Does Your Aircraft Have a Drinking Problem?
Guide to Hygiene and Sanitation in Aviation: Module 1, Water; Module 2, Cleaning and Disinfection of Facilities
World Health Organization (WHO) Press. Third edition. 2009, released April 2010. 60 pp. Figures, tables, references, annexes.
This supersedes the previous edition of the Guide, published in 1977. Although it says that basic principles of hygiene have not changed since then, the aviation world has, with new health threats as a consequence.
Besides the growth in air traffic, “the current trend in international civil aviation is toward aircraft of larger passenger-carrying capacity and greater range,” the Guide says. “The introduction of air services into areas with inadequate public health infrastructure, such as food handling and storage, water supply, and waste disposal, creates a challenge for aircraft operators. To protect public health, the application of high standards of hygiene should form an integral part of airport and aircraft operations.”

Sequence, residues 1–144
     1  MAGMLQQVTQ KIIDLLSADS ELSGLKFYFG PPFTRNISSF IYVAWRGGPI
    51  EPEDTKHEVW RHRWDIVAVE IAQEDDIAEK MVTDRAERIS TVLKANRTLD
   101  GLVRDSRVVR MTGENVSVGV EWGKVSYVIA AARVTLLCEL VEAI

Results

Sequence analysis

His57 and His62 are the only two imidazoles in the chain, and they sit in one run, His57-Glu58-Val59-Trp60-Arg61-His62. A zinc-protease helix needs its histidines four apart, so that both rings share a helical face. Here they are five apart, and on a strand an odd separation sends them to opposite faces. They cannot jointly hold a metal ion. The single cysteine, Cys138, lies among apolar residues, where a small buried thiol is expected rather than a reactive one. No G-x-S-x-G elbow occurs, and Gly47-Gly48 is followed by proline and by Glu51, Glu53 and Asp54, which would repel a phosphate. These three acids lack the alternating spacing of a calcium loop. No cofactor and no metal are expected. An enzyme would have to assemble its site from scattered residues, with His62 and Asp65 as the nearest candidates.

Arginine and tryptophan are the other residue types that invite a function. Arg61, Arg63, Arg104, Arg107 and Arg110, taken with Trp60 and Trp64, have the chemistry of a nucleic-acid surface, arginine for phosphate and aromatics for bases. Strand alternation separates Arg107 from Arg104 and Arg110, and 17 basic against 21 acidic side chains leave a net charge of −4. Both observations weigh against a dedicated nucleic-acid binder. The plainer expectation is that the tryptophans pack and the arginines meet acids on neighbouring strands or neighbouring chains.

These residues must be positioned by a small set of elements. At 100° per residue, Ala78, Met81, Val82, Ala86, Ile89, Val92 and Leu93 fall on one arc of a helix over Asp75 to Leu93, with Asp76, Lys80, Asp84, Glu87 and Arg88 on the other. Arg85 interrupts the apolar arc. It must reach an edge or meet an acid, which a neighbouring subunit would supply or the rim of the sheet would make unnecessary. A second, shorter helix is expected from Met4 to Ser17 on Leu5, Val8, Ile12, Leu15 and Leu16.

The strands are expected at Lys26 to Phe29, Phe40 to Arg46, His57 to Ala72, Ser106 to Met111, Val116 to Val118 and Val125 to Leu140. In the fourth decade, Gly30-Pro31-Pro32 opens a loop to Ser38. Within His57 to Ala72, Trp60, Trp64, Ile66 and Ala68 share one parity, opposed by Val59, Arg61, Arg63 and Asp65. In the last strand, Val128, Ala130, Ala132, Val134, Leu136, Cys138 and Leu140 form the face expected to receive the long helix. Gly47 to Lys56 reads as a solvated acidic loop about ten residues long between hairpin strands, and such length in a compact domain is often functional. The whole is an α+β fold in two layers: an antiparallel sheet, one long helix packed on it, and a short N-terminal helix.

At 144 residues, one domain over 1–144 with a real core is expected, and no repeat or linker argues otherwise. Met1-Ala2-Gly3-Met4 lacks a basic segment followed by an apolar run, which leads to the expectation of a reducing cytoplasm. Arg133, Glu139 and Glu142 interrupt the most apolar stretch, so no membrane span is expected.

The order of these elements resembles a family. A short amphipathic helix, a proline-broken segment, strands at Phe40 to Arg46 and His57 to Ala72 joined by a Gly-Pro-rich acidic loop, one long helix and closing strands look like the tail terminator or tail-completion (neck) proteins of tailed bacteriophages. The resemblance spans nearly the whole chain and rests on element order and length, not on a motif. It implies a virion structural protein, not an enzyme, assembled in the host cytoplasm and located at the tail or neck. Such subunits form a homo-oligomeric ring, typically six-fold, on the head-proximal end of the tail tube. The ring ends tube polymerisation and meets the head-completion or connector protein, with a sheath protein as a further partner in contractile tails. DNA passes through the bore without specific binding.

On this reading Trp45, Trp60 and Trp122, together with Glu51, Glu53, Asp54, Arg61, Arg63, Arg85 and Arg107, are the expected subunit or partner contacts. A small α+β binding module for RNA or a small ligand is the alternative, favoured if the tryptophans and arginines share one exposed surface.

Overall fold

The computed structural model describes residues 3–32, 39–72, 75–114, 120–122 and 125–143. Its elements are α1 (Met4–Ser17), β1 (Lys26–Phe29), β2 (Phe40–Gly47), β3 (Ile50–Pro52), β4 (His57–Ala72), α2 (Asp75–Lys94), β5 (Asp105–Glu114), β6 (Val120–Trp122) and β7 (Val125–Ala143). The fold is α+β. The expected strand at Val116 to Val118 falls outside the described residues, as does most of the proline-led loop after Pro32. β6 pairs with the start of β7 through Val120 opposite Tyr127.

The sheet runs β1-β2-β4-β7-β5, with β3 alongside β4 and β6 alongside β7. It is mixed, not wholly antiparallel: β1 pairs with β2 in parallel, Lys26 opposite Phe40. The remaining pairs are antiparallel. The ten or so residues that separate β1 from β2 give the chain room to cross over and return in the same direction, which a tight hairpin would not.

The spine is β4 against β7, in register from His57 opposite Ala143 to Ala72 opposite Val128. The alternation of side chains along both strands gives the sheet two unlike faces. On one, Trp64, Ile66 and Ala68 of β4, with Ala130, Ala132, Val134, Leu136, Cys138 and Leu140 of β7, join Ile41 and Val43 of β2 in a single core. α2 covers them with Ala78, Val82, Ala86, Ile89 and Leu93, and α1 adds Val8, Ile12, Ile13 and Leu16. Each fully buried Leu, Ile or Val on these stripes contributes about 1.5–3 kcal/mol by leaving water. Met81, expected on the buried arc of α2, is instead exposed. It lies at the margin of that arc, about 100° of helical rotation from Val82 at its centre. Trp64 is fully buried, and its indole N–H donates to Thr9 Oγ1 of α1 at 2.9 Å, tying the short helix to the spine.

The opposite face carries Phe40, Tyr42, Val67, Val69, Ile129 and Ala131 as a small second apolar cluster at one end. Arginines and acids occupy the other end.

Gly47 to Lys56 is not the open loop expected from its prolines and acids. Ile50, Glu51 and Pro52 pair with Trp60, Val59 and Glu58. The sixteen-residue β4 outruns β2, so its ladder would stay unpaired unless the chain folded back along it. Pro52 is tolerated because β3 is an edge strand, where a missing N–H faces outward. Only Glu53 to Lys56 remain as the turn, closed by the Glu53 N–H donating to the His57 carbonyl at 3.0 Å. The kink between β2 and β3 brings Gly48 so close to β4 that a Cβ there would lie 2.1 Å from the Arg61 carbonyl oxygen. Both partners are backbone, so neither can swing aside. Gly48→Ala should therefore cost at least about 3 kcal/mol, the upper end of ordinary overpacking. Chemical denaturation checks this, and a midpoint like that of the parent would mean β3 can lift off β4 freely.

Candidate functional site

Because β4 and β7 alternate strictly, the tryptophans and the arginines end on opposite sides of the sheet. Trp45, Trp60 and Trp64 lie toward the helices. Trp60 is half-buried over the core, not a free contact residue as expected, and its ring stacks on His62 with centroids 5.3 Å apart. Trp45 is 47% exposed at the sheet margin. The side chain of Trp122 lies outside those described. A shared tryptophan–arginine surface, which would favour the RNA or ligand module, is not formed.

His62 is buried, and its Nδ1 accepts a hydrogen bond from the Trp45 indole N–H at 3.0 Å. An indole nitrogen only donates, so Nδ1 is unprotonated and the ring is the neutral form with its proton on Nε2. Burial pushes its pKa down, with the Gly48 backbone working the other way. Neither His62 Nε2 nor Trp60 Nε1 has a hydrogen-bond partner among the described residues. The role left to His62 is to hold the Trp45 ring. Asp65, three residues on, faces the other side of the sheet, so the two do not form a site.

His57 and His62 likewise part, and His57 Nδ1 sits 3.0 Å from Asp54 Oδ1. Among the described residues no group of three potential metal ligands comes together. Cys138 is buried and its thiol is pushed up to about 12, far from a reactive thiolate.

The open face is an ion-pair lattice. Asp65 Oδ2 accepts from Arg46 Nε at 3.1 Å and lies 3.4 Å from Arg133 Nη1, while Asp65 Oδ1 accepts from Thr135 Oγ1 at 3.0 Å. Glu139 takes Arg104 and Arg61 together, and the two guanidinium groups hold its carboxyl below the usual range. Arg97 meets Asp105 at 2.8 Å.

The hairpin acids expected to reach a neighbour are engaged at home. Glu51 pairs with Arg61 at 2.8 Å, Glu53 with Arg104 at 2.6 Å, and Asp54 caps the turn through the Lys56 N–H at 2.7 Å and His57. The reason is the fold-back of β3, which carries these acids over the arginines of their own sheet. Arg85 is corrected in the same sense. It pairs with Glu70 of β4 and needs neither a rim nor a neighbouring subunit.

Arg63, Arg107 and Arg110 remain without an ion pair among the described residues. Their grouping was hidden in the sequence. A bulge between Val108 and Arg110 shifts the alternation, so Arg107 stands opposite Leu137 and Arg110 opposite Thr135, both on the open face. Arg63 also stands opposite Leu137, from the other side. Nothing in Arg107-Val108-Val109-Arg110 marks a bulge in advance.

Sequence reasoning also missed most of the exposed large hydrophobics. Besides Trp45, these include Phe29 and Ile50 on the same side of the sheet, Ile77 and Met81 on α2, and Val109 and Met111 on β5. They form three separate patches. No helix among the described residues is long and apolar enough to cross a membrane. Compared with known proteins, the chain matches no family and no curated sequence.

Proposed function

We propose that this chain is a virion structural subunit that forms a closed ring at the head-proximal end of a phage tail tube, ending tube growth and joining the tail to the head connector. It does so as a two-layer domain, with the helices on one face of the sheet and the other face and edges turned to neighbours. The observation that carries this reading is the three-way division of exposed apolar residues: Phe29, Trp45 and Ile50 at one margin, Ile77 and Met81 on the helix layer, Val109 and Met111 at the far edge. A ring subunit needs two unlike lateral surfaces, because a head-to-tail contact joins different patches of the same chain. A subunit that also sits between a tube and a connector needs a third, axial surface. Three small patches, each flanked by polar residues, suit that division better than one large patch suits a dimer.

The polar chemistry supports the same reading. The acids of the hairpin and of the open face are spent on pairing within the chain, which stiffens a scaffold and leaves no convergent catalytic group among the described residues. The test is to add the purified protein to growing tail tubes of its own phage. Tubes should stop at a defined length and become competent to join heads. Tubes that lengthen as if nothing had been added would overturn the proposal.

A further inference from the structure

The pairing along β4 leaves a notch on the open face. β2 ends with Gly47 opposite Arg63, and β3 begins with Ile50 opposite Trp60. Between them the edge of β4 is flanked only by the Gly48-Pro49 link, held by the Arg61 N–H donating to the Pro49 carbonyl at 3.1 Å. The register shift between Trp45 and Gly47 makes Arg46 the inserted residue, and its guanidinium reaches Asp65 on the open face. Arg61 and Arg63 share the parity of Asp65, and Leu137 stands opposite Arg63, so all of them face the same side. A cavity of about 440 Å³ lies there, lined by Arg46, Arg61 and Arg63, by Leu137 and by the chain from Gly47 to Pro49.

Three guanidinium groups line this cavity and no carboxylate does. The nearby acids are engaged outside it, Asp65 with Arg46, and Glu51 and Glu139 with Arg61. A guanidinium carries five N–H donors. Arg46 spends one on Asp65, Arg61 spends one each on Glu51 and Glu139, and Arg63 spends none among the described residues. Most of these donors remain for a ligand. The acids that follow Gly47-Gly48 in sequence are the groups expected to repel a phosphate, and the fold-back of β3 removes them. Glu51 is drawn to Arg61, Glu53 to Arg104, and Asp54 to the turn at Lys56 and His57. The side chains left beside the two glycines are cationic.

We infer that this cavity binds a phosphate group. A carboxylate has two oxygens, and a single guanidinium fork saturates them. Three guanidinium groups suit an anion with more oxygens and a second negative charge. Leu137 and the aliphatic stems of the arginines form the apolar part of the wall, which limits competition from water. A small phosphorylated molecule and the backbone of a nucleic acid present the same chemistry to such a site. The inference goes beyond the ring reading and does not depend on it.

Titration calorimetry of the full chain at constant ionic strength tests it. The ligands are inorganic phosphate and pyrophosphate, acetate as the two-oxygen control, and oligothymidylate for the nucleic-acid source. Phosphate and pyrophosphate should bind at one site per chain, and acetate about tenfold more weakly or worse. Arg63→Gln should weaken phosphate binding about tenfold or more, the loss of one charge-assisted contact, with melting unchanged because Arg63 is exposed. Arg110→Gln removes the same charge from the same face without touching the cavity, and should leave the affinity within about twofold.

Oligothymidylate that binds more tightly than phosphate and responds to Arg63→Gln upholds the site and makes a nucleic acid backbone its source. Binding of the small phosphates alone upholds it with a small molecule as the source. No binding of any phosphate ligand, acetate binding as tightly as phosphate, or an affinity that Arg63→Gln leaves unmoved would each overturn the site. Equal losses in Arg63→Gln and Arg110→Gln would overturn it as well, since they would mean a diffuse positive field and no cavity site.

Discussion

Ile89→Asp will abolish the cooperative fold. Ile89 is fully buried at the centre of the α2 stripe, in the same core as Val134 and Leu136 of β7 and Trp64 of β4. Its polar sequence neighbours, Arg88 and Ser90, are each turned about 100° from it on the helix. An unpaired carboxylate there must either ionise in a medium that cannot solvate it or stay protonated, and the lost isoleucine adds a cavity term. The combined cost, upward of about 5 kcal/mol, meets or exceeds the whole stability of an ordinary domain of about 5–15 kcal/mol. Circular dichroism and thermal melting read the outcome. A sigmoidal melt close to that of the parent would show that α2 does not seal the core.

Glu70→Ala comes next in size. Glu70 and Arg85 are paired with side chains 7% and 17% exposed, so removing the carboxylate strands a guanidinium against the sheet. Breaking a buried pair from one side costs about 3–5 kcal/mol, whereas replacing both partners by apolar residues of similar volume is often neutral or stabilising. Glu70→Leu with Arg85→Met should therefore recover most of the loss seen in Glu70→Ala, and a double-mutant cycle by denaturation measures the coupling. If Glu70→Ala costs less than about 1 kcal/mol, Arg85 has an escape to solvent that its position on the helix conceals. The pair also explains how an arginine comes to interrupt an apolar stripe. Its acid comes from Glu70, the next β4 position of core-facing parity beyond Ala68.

Occasional reports of incidents involving food-borne illness associated with international travel are reminders of the importance of ensuring the quality of food and drinking water aboard aircraft, the Guide says. The boldest headlines, however, have been generated by the potential for the transmission through commercial aircraft flights of communicable diseases such as severe acute respiratory syndrome (SARS) and extremely drug-resistant strains of tuberculosis. They have created a renewed interest in an aircraft environment conducive to health, the Guide says.
This edition of the booklet addresses “water, food, waste disposal, cleaning and disinfection of facilities, [disease] vector control and cargo safety, with the ultimate goal of assisting all types of airport and aircraft operators and all other responsible bodies in achieving high standards of hygiene and sanitation, to protect travelers and crews engaged in air transport.”
Although public health specialists have the responsibility to see that, for example, the source of water coming into the airport and aircraft is disease-free, they cannot monitor the entire supply chain. Airport and operator management personnel, as well as cabin crewmembers, need to keep an eye out for possible contamination.